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September 30, 2011

Dense Plasma Focus Fusion on the cusp of significantly Higher Fusion Yield

With all switches firing and central components cleaned, realigned, and in some cases even resurfaced, Focus Fusion-1 (FoFu-1) has pushed the frontier of DPF functioning to record pressures of fill gas. This is a prerequisite for achieving high fusion yields. The yield increases with the plasma density in the tiny plasmoid where fusion is produced, and for a given type of gas, this density is proportional to the fill gas pressure. While no other DPF has achieved fusion reactions at fill pressures above 30 Torr, and FoFu-1 had previously only done this once, on Sept. 12, LPP's device achieved fusion reaction at these high pressures in 10 shots, including several times at 44 Torr and a single shot over 75 Torr.

The gas pressure has been increased 3 to 5 times over previous work.
FoFu-1’s fusion yield, measured in billions of neutrons produced, is tightly correlated with the height of the voltage spike (see fig. 2) in new shots performed after the tungsten pins on the cathode plate were aligned (blue line on left). Those shots were at the record gas filling pressure of 42-44 Torr and capacitor charge of 34 kV. The slope shows that fusion yield scales with spike voltage to the 2.73 power. By comparison, many shots with unaligned pins produced a correlation with much more scatter that levels off at high pinch height (green line on right).

The chart indicates that with pressures increased 3 times and with aligned pins that 30-100 times the neutron yield would be expected if the early results continue the linear relationship.






The first day's firing showed a very tight correlation between the height of the voltage spike that occurs at the time of the pinch, when the plasma is compressed into the plasmoid, and the amount of fusion energy produced (see fig. 1 below). When this pinch and compression occur, the voltage spike is a measure of the energy being transferred from FoFu-1's capacitors into the plasmoid.

This correlation, which continued on the second day of firing, is significant for two reasons. Its straightness on the log-log plot shows that fusion yield is increasing steadily almost with the cube of pinch height. These act like an arrow on a map, pointing to what the best yields at this current are likely to be. With the largest typical voltage spikes at 50 kV, fusion yields should be over 1 joule (about 1012 neutrons), exactly what our theory projects. The agreement of our theoretical projection with the extrapolation of the experimental curve gives us increased confidence in both. Second, this tightness of the correlation implies a more repeatable operation of FoFu-1 with its newly realigned tungsten pins (see below for details on the latest refurbishing). Of course, these preliminary results must be confirmed with more shots, but they are encouraging.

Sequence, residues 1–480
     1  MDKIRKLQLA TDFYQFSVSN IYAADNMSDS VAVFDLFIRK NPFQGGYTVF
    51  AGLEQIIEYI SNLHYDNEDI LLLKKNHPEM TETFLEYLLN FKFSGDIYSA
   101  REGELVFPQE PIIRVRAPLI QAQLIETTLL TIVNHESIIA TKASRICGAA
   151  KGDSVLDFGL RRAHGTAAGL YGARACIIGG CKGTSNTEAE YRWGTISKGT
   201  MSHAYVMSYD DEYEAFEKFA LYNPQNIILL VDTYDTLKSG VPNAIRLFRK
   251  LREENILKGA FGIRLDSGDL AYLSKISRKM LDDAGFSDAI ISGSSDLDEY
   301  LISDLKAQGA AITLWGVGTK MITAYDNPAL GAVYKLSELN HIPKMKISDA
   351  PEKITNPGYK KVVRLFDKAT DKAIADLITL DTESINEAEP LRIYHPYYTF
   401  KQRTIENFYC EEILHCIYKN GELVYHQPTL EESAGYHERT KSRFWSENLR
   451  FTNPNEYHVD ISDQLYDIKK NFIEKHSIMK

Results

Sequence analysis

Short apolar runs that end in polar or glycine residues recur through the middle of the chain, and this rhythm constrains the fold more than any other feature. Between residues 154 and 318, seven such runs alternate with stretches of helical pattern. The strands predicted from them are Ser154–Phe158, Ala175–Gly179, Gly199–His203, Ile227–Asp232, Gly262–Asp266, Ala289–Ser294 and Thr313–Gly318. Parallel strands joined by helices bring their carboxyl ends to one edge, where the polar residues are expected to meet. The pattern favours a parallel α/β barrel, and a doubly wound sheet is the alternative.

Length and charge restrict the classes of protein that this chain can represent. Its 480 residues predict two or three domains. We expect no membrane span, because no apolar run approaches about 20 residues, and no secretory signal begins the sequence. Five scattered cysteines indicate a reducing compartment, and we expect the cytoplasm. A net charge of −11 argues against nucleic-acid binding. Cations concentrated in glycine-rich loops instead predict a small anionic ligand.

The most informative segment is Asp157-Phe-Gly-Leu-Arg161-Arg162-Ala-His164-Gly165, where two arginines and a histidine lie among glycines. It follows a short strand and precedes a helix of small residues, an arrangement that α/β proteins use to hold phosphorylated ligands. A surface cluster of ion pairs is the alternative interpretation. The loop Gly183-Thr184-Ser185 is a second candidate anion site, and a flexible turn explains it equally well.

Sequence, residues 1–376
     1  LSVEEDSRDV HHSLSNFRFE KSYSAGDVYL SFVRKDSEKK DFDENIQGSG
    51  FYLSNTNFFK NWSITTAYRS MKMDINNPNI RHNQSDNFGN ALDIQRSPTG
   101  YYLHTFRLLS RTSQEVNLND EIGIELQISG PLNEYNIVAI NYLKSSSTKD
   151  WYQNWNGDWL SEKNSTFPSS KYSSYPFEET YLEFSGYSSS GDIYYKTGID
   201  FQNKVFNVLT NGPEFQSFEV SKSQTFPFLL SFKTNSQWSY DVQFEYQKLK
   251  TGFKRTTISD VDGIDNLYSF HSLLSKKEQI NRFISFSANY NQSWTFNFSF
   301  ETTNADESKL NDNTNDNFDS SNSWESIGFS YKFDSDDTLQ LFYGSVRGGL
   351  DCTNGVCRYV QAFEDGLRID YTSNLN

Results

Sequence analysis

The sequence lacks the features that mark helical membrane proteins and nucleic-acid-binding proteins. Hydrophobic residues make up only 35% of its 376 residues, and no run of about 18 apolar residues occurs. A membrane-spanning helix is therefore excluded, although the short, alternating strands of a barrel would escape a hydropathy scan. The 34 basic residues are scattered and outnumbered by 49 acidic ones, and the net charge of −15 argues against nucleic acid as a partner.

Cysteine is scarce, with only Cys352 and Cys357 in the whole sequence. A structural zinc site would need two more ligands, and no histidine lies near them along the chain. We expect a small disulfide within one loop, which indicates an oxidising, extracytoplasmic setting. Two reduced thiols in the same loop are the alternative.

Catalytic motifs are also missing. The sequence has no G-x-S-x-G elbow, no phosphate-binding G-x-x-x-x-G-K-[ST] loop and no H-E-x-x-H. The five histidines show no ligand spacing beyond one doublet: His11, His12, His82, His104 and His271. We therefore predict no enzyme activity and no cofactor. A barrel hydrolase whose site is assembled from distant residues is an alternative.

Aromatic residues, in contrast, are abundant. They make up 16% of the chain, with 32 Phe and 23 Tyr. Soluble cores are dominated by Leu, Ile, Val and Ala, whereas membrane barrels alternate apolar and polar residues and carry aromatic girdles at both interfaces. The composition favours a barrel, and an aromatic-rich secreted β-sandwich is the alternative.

Since atmospheric pressure is around 760 Torr, this is fusion at roughly 10% of atmospheric pressure, truly putting the "dense" in dense plasma focus. For comparison, a tokamak fusion machine generally operates at just one thousandth of a single Torr. The shock wave from a blast of fusion at 75 Torr caused a glass window to break, but its quartz replacement should be able to take the pressure.

A Dense Plasma Fusion (DPF) collaboration has been formed with fifteen experienced DPF researchers from Europe, Asia and the United States.

Researchers reported a number of important results at the conference and workshop. Chris Hagen reported achieving 1012 neutrons with the 1-MJ Gemini DPF in Las Vegas, but has been unable to push past this level. LPP attributes this to electrode size, as Gemini's electrodes are twice that of FoFu-1. The large DPF at Warsaw, PF-1000, has electrodes 4 times the size of FoFu-1's. The PF-1000 team's lead scientist, Dr. Pavel Kubes, reported confined ions at 20-30 kiloelectron volts (keV). This is one-fifth the average energy achieved by FoFu-1, and consistent with what LPP would predict for their device. PF-1000 will be shutting down next month for 18 months of upgrades, but not before an ambitious experiment that will attempt to directly measure the magnetic field within its plasmoid. Such measurements could bolster theoretical models of the DPF

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